The Great WOWtdoors | Get Out | Salt Lake City | Salt Lake City Weekly
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Culture » Get Out

The Great WOWtdoors

A new hiking guidebook conveys a sense of wonder, not just the facts.



When looking for a book outlining various hikes in a particular region, the reader will of course want information about what to expect on the trail, how to get there, how much time to plan on, what to bring, etc. Is it fair to ask for more than just the technical stuff? Is it too much to expect the genre of outdoor recreation books also to provide entertaining prose that gives the reader a sense of encouragement about actually wanting to get out and try some of the hikes being described?

Fair or not, it’s the level Kathy and Craig Copeland have risen to in Hiking From Here to WOW: Utah Canyon Country. The couple not only gives plenty of relevant information needed for the hikes, they also provide for a fun read along the way packed with insights into a variety of areas.

The Copelands have written a number of books for Wilderness Press, including Done in a Day Moab. The “WOW” in this one stands for “wonder of wilderness” and covers 90 hikes in Utah in the area running roughly from Interstate 70 in the north to the state line in the south, and from Interstate 15 in the west to Highway 191 in the east. Many of the journeys are set in familiar places such as Zion, Grand Staircase, Capitol Reef, Arches and Canyonlands.

Be forewarned: The Copelands seem to be every bit the stereotypical granolas one might expect to find writing for a publisher based in Berkeley. If you find that sort of person overbearing—or simply want to hit the trail without being preached to about politics—be prepared for sentences like, “Canyons are like people,” phrases such as “brazenly ethnocentric,” valentines to groups like the Sierra Club, and diatribes about how much Americans drive (even though most people would require an automobile to get to where most of these hikes start).

But the reader who can wade through all of that gets rewarded with interesting information about Depression-era workers in Zion Canyon earning $1 a day as part of the piece on the West Rim of the park. In the section on Cable Mountain, the authors provide an interesting tale about Brigham Young and a system the pioneers developed for transporting wood. The guide to the Zion Narrows hike gets the reader thinking about just how deep the slot canyons are by giving a mental picture of how much of an area they would cover if flattened out. The introduction on the Boulder Mail Trail gives history about how the current slickrock trail was once trod by donkeys carrying mail to “the last place in the U.S. to gain automobile access”—a place which also “remains the farthest hamlet from a U.S. interstate.”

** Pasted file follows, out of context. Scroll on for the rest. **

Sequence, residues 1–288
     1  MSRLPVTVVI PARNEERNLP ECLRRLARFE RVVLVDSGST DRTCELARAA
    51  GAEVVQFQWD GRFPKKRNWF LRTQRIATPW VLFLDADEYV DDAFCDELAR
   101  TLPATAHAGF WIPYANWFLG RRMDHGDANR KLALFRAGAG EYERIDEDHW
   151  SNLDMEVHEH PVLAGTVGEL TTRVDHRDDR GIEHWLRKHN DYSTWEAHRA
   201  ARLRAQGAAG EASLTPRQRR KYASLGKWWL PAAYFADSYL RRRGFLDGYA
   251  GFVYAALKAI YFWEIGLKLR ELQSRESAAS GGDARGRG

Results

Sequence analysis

Perhaps the best story of the book recalls how a 16-year-old Kathy, while coming down with a cold, stayed up until 3 a.m. finishing a term paper on James Joyce’s Portrait of the Artist as a Young Man. The next morning, she awoke early to head off to Paria River Canyon for the first time. As the book states, “Unfit, ill, burdened with a heavy, creaky, overloaded, antiquated Camp Trails backpack, wearing Tretorn tennis shoes floppy as house slippers, she slogged down the sandy riverbed into the canyon. … Each night, coughing and sneezing, she collapsed in her tent after dinner.”

But what was the outcome of all of that? As we’re told in an excellent piece of descriptive writing, “What she remembers feeling most is awe. The sheer, soaring, canyon walls were the most spectacular sight she’d ever seen. Meandering through the serpentine narrows—so constricted she tried to touch both sides at once—had been wondrous.”

And that’s just one of the reasons we go out and hike. The beauty of the Copelands’ book is they not only give us the how of hiking, but also remind us about the why.

By kathy and Craig Copeland Wilderness Press 2008 446 pages $29.95 paperback

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